Mental Health Amendment Bill passes first reading


The Government has taken a significant step towards delivering on its commitment to improve the legislation around mental health as recommended by He Ara Oranga – the report of the Government Inquiry into Mental Health and Addiction, Health Minister Andrew Little says.

The Mental Health (Compulsory Assessment and Treatment) Amendment Bill (the Mental Health Act), which had its first reading in Parliament today, proposes amendments to the Mental Health Act to improve the protection of individual rights and safety of patients, for example by eliminating indefinite treatment orders, and enable more effective application of the Act,” Andrew Little said.

“This is an important milestone in our wider work to transform New Zealand’s approach to mental wellbeing, which includes ensuring our legislation is fit-for-purpose and upholds New Zealanders’ rights,” Andrew Little said.

“He Ara Oranga was clear that mental health legislation in Aotearoa needs to take a human rights-based approach involving modern approaches to care and treatment. He Ara Oranga also said the current Mental Health Act has fostered archaic and risk-averse attitudes towards people with mental health conditions.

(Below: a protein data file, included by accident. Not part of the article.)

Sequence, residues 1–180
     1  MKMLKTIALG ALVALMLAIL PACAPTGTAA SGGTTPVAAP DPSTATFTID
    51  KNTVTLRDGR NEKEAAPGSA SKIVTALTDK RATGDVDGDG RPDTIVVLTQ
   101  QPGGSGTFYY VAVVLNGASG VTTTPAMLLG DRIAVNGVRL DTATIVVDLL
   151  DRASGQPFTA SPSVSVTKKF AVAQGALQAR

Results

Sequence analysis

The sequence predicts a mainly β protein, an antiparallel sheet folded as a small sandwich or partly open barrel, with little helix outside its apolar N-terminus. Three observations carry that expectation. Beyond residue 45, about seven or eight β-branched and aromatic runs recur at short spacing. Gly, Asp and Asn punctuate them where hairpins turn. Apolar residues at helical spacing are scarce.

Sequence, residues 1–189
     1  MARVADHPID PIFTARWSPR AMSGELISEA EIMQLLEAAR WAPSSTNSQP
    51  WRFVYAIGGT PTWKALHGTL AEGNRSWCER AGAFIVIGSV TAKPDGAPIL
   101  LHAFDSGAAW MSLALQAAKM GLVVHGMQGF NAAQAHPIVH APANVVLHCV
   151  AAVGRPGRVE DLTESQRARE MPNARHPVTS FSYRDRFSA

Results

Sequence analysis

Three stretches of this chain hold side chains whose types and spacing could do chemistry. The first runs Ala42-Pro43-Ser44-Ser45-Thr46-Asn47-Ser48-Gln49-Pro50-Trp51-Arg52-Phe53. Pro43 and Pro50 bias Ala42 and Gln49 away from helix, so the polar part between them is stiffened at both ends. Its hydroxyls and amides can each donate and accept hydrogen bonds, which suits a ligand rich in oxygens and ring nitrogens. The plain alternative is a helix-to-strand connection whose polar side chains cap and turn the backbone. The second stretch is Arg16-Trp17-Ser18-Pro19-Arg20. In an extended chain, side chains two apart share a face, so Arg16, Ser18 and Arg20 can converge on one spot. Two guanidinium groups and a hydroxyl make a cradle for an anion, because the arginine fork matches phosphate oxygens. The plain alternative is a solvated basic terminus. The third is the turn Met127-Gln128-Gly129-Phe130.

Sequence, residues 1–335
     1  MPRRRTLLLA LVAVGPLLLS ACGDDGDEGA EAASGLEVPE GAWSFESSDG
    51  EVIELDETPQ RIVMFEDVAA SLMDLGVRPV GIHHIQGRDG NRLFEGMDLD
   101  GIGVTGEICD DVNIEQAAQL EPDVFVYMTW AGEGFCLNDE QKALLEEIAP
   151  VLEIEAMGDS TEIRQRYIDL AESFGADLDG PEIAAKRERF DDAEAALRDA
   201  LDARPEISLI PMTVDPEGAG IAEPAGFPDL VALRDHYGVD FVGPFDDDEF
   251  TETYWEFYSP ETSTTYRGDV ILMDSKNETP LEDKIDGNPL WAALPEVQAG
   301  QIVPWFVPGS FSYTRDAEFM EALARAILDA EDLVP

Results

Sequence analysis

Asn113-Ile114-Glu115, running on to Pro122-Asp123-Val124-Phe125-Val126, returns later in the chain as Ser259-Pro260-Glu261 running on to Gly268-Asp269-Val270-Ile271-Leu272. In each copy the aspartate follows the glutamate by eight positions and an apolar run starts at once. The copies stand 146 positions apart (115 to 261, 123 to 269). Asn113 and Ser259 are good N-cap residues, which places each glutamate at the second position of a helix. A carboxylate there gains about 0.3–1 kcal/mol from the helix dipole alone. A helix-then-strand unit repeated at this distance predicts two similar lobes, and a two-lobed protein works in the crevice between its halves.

“In addition to eliminating indefinite treatment orders, which have been criticised as a serious breach of human rights, the Bill will allow family members of patients to attend meetings audio-visually.

“This is a significant policy reform that has clearly been called for. I’m pleased that we are able to achieve this with this Bill rather than waiting for full repeal and replacement of the whole Act later this year.

“This is the first step in a full overhaul of the Mental Health Act. We will continue to progress the full repeal and replace work programme in collaboration with the sector and our communities.

“The Mental Health Act is almost 30 years old and is not working the way it should. It has been widely criticised for being out of step with Te Tiriti o Waitangi and New Zealand’s other domestic and international human rights commitments,” Andrew Little said.


Note for editors:

The Mental Health (Compulsory Assessment and Treatment) Amendment Bill proposes to amend the Mental Health (Compulsory Assessment and Treatment) Act 1992 by:

  • eliminating indefinite treatment orders
  • minimising the risk of harm to the patient or the public when transporting forensic patients who are ‘special patients’ as defined under the Mental Health Act
  • addressing technical drafting issues that will improve the administrative efficiency of the Act
  • removing the sunset date for technical amendments and audio visual link amendments made by the COVID-19 Response (Further Management Measures) Legislation Act 2020.